• Climatic and genotypic effects for grain yield in maize under stress conditions

    Climate change is expected to affect agriculture. Yield stability across environments is a critical breeding goal when dealing with unstable climate and input reductions in farming systems. The objective of this study was to determine climatic and genetic factors contributing to genotype (G), environment (E), and genotype x environment (GE) variability for maize (Zea mays L.) grain yield under ...

  • Food sustainability: Key resources

    From contentious hunger estimates to trends in agriculture, Zareen Pervez Bharucha outlines a range of resources. Hunger, malnutrition and food insecurity The website of the Food and Agriculture Organization (FAO) of the United Nations is a key resource and offers access to several reports on hunger and ...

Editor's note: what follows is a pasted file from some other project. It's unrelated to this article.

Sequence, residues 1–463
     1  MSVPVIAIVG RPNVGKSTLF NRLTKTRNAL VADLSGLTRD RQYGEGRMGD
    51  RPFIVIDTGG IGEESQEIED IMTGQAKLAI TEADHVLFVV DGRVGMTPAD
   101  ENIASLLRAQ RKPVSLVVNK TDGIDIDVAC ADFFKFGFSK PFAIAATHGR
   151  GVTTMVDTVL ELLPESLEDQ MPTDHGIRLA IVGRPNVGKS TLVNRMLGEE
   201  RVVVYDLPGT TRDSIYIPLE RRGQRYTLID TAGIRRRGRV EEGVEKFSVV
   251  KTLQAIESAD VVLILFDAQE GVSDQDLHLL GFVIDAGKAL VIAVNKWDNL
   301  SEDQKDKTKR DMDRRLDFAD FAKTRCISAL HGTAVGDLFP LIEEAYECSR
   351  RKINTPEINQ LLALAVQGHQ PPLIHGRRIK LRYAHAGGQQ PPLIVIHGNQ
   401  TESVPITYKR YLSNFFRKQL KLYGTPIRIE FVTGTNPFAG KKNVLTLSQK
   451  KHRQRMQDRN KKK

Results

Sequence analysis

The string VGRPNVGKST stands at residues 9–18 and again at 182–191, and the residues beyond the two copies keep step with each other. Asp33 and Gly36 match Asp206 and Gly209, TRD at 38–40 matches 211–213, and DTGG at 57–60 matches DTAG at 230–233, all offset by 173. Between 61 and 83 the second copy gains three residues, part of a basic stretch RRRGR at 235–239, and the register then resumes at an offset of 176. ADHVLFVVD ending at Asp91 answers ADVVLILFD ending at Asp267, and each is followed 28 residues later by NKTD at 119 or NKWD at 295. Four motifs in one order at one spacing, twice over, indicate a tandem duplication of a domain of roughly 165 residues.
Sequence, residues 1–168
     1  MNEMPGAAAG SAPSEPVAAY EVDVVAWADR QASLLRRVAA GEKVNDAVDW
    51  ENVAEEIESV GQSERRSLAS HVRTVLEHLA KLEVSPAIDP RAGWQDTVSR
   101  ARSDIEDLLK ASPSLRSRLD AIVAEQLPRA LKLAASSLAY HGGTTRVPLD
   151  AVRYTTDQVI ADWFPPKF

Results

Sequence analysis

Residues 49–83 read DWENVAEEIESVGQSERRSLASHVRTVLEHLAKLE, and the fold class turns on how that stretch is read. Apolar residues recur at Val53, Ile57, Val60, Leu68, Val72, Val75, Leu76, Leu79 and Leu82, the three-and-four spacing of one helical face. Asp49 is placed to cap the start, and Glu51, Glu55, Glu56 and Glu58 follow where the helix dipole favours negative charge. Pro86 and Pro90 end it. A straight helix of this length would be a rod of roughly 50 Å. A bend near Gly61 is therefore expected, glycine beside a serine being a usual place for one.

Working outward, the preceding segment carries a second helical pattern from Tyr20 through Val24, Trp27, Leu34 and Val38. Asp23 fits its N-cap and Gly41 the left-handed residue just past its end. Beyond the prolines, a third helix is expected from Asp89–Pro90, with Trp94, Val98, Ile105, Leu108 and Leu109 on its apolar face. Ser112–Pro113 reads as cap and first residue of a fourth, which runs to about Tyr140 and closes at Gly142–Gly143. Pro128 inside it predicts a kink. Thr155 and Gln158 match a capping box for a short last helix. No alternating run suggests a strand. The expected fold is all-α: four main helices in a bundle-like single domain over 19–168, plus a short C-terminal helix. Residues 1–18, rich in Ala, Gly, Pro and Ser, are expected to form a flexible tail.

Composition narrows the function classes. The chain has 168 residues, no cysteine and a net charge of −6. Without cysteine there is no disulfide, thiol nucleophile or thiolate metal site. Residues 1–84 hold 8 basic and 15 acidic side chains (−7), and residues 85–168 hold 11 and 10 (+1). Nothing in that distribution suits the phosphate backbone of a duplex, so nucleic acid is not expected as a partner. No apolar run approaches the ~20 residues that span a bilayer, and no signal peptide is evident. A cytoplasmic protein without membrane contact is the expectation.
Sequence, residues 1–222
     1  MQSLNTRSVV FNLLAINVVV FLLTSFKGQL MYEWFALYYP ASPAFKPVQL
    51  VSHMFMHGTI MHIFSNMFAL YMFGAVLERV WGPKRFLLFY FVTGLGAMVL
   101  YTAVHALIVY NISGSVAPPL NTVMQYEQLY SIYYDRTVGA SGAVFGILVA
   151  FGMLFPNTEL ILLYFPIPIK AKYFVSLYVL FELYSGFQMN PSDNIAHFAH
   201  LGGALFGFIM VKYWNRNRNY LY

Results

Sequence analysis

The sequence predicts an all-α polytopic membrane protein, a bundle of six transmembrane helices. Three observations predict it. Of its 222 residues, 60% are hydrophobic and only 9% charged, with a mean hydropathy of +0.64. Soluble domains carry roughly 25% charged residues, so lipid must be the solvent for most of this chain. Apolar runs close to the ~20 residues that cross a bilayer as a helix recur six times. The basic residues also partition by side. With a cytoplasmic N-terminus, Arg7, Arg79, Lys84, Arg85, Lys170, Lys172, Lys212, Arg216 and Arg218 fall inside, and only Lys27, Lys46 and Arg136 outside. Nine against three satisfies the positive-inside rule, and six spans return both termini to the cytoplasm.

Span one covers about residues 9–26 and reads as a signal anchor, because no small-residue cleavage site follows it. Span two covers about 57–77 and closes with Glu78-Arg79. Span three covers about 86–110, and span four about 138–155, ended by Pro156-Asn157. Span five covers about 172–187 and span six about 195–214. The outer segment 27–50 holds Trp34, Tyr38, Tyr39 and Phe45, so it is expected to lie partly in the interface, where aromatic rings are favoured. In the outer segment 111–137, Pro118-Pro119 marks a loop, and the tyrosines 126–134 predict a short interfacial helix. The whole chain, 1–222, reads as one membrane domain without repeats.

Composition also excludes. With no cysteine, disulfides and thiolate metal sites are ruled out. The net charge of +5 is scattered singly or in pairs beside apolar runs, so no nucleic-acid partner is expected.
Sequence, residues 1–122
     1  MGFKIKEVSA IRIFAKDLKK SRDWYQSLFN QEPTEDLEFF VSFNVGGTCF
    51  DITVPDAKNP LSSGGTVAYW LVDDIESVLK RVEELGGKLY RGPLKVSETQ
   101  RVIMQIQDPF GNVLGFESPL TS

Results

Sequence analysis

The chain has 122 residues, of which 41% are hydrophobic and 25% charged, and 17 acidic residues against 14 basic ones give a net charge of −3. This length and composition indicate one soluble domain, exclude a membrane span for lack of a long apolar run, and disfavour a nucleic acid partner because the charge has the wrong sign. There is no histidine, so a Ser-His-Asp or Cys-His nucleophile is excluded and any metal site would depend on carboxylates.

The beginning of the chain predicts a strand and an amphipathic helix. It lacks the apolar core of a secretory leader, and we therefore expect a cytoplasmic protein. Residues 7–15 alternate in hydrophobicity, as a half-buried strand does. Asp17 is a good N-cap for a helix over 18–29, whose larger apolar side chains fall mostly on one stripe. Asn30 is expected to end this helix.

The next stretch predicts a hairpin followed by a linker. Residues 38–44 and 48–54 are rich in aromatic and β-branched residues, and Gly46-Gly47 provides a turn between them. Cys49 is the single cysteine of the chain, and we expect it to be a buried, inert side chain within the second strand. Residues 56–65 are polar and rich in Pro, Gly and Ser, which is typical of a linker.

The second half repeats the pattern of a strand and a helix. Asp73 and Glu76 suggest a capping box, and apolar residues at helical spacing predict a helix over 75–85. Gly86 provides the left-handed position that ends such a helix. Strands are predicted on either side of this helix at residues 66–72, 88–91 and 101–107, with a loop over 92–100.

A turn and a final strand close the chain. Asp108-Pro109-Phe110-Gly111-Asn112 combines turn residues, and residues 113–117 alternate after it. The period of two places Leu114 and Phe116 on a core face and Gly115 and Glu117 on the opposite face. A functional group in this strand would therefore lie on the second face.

By SciDev.Net

  • The developing world is awash in pesticides. Does it have to be?

    Herbicides, insecticides and fungicides threaten the environment and human health in many parts of the world. But research is pointing to a better approach. In today’s globalized world, it is not inconceivable that one might drink coffee from Colombia in the morning, munch cashews from Vietnam for lunch and gobble grains from Ethiopia for dinner. That we can enjoy these ...


    By Ensia

  • Dancing Bees Waggle the Way to Happier Habitat

    Honeybee waggle dancers are helping researchers identify conservation best practices. The question scientists at the University of Sussex in the U.K. had was simple: Where do honeybees find food? But finding a way to answer that simple question seemed not so simple. Tiny radio or GPS trackers have a limited range, and it would take huge amount of work to survey fields on foot. Instead, ...


    By Ensia

  • Family farms can be competitive by focusing on conservation and stewardship